, one of the funniest of the later Louis de Funès film comedies, sees
the unlikely pairing of the great comic actor with Annie Girardot, then
at the height of her popularity. Despite her
association with more serious fare, such as André Cayatte's
Giradot was also a more than capable comic performer, and her sparky confrontation with
de Funès in this raucous comedy is among the comedy highlights of her career.
By this stage, both actors had developed a forceful screen persona - de Funès
was the mean-spirited and horribly intolerant bourgeois fiend, Giradot a thick-skinned
feminist who always knew how to put men in their place. Putting these two
actors together in the same film is like keeping dynamite and nitro-glycerine
together in your sock drawer - you can expect plenty of fireworks. True
to type, Girardot plays a strong-willed feminist-cum-ecologist who is improbably
married to de Funès, an unscrupulous factory manager.
By accident or by design, the incessant husband-and-wife tussle that is amusingly enacted by the film's
two stars makes an excellent parody of the real-life conflict between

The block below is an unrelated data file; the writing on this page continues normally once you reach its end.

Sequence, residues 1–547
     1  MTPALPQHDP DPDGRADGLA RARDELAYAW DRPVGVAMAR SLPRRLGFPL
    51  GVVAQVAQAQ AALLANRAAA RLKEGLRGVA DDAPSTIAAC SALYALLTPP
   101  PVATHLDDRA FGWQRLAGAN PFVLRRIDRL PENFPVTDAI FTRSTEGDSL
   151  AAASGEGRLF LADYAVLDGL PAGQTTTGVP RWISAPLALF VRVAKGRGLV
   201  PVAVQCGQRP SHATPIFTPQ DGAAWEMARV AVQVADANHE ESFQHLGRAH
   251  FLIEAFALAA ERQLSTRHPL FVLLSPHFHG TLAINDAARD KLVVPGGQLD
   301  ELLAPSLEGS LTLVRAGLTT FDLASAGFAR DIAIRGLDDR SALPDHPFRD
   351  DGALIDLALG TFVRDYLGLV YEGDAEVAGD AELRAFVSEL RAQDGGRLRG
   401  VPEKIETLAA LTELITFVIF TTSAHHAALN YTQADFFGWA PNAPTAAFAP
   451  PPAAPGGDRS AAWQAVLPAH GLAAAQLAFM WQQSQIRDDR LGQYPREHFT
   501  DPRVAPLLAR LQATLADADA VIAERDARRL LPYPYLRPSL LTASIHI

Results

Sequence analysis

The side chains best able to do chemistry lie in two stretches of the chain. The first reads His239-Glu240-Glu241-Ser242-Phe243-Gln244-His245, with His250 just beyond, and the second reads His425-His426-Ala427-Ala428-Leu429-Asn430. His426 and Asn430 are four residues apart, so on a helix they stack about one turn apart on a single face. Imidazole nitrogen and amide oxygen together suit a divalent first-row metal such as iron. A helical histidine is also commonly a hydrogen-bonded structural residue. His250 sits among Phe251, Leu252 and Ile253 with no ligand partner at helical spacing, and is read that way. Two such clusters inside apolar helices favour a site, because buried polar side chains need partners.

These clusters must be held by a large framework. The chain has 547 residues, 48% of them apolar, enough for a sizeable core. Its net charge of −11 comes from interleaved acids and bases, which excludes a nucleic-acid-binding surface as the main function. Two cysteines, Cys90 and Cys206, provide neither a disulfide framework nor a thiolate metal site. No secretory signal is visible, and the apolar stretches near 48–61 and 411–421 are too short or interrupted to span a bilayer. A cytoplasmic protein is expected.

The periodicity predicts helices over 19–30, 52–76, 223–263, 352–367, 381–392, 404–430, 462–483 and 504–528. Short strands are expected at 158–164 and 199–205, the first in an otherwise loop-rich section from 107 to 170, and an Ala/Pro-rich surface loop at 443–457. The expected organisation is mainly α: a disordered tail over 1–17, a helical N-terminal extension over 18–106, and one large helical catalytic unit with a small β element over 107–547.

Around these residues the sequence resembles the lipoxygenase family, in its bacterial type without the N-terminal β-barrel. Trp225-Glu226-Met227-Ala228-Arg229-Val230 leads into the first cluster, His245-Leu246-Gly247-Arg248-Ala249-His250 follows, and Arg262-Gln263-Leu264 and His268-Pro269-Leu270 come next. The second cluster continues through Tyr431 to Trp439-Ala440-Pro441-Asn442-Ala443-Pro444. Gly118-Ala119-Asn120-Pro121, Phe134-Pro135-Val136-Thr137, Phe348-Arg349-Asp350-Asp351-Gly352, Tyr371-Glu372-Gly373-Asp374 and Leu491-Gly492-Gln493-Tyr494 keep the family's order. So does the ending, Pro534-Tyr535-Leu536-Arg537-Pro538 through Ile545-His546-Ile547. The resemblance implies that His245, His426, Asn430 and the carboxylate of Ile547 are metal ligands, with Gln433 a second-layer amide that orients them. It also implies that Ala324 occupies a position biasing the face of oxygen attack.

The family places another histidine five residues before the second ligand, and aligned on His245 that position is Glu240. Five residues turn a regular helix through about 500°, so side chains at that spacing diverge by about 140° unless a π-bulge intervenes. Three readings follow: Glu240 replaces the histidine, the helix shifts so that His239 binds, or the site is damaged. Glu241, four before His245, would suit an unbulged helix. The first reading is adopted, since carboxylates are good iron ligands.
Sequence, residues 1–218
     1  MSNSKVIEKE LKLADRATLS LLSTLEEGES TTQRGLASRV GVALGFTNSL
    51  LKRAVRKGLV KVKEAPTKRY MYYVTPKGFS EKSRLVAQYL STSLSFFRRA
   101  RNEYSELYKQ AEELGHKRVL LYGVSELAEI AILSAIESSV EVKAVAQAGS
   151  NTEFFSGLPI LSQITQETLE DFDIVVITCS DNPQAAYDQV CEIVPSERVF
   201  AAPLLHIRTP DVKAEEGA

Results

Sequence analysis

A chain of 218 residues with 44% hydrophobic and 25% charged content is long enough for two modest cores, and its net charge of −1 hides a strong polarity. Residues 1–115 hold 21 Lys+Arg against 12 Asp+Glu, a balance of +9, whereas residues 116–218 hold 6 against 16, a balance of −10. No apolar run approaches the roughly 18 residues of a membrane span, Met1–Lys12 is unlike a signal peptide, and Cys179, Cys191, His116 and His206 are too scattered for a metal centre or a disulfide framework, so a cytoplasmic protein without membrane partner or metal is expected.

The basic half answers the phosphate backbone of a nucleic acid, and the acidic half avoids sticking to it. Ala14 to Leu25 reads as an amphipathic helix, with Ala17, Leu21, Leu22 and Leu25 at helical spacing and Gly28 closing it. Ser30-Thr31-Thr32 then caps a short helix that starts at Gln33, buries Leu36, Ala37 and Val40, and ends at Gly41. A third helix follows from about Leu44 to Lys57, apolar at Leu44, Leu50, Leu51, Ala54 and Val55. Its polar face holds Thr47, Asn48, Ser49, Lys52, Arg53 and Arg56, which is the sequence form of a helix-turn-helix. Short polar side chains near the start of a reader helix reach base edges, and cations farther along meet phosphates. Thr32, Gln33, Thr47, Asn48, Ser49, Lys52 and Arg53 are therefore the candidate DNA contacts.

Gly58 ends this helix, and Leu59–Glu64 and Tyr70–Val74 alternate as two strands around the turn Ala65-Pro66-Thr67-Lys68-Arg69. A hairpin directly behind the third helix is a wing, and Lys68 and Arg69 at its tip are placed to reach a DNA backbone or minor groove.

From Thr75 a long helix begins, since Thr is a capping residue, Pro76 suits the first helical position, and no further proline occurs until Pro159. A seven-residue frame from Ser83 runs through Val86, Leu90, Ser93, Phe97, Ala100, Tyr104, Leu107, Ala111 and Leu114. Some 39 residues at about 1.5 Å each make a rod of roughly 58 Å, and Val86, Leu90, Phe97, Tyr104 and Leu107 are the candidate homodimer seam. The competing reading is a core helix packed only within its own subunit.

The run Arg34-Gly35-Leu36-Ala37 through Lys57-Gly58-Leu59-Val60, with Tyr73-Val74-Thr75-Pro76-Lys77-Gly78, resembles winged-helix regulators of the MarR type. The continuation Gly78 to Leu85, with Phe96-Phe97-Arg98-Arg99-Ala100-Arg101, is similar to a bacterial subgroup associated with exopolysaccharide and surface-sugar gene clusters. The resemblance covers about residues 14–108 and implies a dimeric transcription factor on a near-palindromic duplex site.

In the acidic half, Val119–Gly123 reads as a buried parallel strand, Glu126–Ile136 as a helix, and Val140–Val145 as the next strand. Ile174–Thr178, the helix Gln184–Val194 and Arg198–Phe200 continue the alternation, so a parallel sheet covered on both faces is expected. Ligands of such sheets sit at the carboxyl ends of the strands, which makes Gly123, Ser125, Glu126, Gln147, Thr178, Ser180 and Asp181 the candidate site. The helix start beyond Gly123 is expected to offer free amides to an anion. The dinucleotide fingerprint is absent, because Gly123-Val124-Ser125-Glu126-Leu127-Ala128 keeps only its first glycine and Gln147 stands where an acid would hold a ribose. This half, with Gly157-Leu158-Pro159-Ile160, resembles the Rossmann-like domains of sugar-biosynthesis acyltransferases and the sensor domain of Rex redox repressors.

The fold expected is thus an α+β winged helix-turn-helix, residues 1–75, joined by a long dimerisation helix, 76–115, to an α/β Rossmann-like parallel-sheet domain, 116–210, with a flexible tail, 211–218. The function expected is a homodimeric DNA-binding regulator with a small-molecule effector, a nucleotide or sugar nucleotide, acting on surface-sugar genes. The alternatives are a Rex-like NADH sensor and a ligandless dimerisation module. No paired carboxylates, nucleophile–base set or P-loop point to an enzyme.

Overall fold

environmentalists and industrialists which began in the mid 1970s and which has become
ever more vociferous since. In the mid-to-late 1970s, environmentalism
had become a burning issue, fuelled by man-made ecological disasters such as
the Seveso dioxin catastrophe. Other topical themes the film touches on
are unemployment and the role of women in society. The film's topicality
no doubt contributed to its popularity - it attracted an audience
of 2.8 million in France. Before the film was released, the director Jean-Pierre Mocky
successfully won a plagiarism lawsuit against its producers, claiming that
it stole ideas from a scenario he had previously offered Louis de
The film benefits from another successful alliance - that of de Funès with director
Claude Zidi. Both have a natural flair for comedy which La Zizanie
, their second
film together - after L'Aile ou la cuisse
bears out very well. Amongst the
comic situations you are unlikely to forget are: Louis de Funès unwittingly destroying
a billiard table whilst playing a game of billiards, de Funès and Girardot
going to bed in a bedroom which has been transformed into a factory workshop (complete
with lathes, conveyor belts and arc-welding equipment), and Girardot discovering
that her treasured pet flesh-eating fish has been frozen to death (and then boiled).
A wonderfully funny Julien Guiomar is on hand to lend the film some additional comedy muscle, not that it needs it.
Like several de Funès comedies, La Zizanie
has no qualms about
going way over the top, but this is what audiences came to expect from France's
top comedy performer - non-stop hilarity, with Louis de Funès doing for film
comedy what Michelangelo did to the Sistine Chapel, but in a more ecologically
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